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Dylan returns to St. John's College, Annapolis to bring its president into dialogue with the PEL clan about Jacob Klein's “The Idea of a Liberal Education” (1960) and “On Liberal Education” (1965), plus Sidney Hook’s “A Critical Appraisal of the St. John’s College Curriculum” (1946) and Martha Nussbaum’s “Undemocratic Vistas” (1987).
Ep. 192 got us talking about a great-books-oriented education, and this discussion tackles that issue head-on: What constitutes a liberal education? Klein (a former Dean of St. John's) describes the process of metastrophe (fundamental change), where you take the familiar and make it strange; you contemplate what you used to take for granted. Seeing thinkers of the past grapple with the concepts ancestral to the ones we use now, whether in the areas of science or politics or whatever, makes us question these current concepts and ultimately understand them better. Klein even has a story about how metastrophic questioning was necessary for these modern disciplines to be founded in the first place.
Hook witnessed the first generation of Johnnies and was very critical of this idea of the same menu of ideas for all students, with a heavy emphasis on the history of science (rather than current, practical science) and learning ancient languages (as an exercise in translation and seeing how alien different languages are, not to be able to actually speak to anyone). He thought that study of the past should be guided by the concerns of the present, not insulated from them. What sense does it make for a student to know more about the political structure of ancient Greece than that of his or her own country?
Nussbaum's article is a New York Review of Books article about Bloom's book. She stresses contra Bloom that a philosophical education is practical, and that it should be made available to everyone. The SJC curriculum was (as Hook describes) originally advertised as the model that all colleges should follow, but time (and/or realism) has seemingly dampened that ambition. So, is there a single history of the intellectual life of the West that we Westerners would be well advised to study, maybe just adding a couple of authors who are not dead white males to modernize it a bit, or is a more thorough break from this idolized past needed? Or is the whole idea of a "best" education for all just ill-advised? Do people really need to read the Western canon at all?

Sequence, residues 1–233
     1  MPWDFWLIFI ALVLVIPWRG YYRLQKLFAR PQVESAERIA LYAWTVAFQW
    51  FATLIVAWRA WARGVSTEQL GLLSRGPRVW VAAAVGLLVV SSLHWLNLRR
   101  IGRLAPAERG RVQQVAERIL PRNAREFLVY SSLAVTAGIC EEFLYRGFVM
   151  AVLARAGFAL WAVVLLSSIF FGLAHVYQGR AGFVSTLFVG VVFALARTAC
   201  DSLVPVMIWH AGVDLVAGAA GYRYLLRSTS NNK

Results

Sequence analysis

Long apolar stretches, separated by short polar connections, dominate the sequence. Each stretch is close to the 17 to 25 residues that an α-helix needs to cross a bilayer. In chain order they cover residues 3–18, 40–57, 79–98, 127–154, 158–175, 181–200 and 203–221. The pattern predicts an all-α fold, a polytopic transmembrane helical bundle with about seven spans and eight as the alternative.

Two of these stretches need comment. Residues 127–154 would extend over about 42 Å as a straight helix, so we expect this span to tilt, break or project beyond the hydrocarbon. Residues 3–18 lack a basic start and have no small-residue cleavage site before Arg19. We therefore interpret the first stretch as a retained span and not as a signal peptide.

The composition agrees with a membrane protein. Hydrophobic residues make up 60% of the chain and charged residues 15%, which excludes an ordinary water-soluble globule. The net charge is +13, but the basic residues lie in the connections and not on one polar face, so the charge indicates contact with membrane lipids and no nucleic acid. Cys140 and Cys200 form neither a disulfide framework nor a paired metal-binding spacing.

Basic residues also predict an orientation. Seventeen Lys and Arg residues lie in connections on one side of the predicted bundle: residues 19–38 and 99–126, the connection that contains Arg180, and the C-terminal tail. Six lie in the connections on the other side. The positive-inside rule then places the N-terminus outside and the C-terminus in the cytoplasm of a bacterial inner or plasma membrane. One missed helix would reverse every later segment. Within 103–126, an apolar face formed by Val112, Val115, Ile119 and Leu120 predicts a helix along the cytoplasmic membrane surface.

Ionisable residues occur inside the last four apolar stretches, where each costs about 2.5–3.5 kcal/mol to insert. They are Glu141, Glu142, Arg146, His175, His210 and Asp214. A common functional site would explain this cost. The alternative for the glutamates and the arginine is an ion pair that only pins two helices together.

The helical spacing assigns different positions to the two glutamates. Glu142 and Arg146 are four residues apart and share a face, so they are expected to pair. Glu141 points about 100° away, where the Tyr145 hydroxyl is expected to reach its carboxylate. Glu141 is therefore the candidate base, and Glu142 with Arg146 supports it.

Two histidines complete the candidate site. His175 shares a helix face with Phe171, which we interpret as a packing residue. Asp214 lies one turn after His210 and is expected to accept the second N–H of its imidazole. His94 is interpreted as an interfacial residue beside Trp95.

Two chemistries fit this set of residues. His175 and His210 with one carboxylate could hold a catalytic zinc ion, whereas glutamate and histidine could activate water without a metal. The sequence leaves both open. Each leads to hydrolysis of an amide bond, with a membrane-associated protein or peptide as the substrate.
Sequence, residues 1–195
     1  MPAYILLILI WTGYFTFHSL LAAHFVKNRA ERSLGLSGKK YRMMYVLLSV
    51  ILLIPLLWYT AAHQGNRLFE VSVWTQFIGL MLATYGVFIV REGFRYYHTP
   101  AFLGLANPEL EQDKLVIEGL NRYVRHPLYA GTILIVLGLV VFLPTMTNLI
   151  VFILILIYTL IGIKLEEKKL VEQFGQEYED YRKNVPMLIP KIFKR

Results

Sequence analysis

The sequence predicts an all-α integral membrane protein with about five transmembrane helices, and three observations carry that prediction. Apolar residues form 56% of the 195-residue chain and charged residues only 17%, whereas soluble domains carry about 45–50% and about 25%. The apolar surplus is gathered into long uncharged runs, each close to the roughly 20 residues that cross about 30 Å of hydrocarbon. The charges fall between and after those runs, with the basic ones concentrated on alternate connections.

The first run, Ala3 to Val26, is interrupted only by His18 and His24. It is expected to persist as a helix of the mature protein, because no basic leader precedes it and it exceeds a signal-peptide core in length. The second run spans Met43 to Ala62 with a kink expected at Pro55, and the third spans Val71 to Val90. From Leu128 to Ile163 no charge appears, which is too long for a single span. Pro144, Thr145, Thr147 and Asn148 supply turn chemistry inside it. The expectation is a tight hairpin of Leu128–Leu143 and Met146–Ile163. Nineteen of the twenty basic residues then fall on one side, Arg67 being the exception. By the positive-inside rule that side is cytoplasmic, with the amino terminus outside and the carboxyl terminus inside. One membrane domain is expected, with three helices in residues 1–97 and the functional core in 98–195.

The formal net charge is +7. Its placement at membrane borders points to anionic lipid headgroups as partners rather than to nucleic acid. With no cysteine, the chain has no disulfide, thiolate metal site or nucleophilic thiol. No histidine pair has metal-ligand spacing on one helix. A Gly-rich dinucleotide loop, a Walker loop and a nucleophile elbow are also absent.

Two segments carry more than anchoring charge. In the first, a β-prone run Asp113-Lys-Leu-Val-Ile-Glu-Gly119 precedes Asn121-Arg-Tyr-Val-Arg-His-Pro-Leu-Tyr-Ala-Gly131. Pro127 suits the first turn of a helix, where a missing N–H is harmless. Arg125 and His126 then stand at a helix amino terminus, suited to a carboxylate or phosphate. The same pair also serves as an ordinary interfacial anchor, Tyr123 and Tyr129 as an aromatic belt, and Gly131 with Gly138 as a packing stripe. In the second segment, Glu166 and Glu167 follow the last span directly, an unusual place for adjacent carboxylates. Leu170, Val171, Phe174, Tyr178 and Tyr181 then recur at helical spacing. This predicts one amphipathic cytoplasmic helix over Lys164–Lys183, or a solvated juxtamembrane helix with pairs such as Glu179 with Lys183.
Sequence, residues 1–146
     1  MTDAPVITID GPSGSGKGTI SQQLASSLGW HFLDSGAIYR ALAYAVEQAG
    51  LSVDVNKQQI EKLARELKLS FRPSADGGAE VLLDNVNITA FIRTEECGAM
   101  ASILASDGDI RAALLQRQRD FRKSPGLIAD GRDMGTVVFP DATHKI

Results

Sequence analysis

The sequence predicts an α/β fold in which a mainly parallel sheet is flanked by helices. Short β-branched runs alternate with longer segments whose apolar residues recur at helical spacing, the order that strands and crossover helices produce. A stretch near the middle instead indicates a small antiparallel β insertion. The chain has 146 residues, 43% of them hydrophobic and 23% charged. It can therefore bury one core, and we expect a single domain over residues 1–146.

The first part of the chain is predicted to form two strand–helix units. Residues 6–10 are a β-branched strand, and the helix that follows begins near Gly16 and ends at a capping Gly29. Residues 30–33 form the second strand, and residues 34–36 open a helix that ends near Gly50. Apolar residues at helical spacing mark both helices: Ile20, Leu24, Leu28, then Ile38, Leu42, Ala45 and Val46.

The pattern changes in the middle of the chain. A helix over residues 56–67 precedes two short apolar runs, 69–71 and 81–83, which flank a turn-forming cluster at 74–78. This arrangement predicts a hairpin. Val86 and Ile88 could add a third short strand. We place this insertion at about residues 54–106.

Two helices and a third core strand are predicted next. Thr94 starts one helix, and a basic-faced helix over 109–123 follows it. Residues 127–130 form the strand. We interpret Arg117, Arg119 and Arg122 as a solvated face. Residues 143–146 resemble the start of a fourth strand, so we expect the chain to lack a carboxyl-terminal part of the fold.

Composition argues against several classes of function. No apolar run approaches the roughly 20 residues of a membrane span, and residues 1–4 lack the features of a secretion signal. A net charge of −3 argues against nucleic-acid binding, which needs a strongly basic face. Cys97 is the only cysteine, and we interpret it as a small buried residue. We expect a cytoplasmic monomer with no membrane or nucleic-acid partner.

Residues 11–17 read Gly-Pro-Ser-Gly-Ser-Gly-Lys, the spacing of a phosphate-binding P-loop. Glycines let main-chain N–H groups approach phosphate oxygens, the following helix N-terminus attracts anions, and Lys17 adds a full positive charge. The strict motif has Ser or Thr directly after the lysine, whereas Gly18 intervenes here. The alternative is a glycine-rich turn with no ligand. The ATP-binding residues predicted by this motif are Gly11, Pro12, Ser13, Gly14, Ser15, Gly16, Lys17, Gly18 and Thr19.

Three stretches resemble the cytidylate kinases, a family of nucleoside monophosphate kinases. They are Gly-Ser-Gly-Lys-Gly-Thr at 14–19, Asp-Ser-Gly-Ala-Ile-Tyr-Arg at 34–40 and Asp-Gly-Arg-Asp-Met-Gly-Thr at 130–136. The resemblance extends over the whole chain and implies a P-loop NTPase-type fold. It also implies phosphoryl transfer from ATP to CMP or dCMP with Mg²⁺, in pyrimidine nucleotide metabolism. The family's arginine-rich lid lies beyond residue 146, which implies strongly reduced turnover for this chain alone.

Continues with part two; get the full, unbroken Citizen Edition now. This will also get you access to the follow-up discussion where Wes and Dylan discuss articles by Richard Rorty and Leo Strauss about liberal education and democracy that were originally on our reading list for this episode, but were deleted due to too many things to read that weren't exactly on point. Please support PEL!
Image by Solomon Grundy.
Luke T says
A liberal education, DIY?
Two PEL regulars – Mark and Dylan – make an argument in this (and previous) episode for fashioning a do-it-yourself (DIY) liberal education. And while they acknowledge the challenges and inherit limits of as much, this suggestion seems possibly the most practical cash-out for any PEL Citizen who is busy with a career, but still wants to indulge the pleasures and wonder that accompany long-term, dedicated study of the Humanities.
Supposing this were an action that fell out of Episodes 192 and 193 then, and not merely its passive cousin, i.e. following along privately with PEL’s intellectual wanderlust. What would a stock, ‘Great Books’ curriculum look like?
Panos cautions here against being too prescriptive, but might we at least imagine some sort of literary menu to choose from a la carte, with expert recommendations for ‘best value’ entrees, side dishes, and so on? So much as this conceit bears merit, moreover, is it conceptually transferable to a tradition (East Asian, or Middle Eastern, or otherwise) that will be out of the PEL audience’s (i.e. mostly Western) direct experience? How does the model travel, finally, if it does? How does one build their own DIY liberal arts curriculum, accompanied by friends, and migrate everyone cognitively when the time comes right?
Concerning the discussion about changes in great books programs in the beginning: I’m an incoming freshmen in U of M’s honors program, and the great books program offered there is undergoing a change very similar to what Seth describes happening at Reed. The people at Michigan described it to me as being less centered on what “old, white purple” have to say. I wonder what Mark’s thoughts would be on this, considering he went through the same program. Has there been a lack of communication to alumni similar to Reed?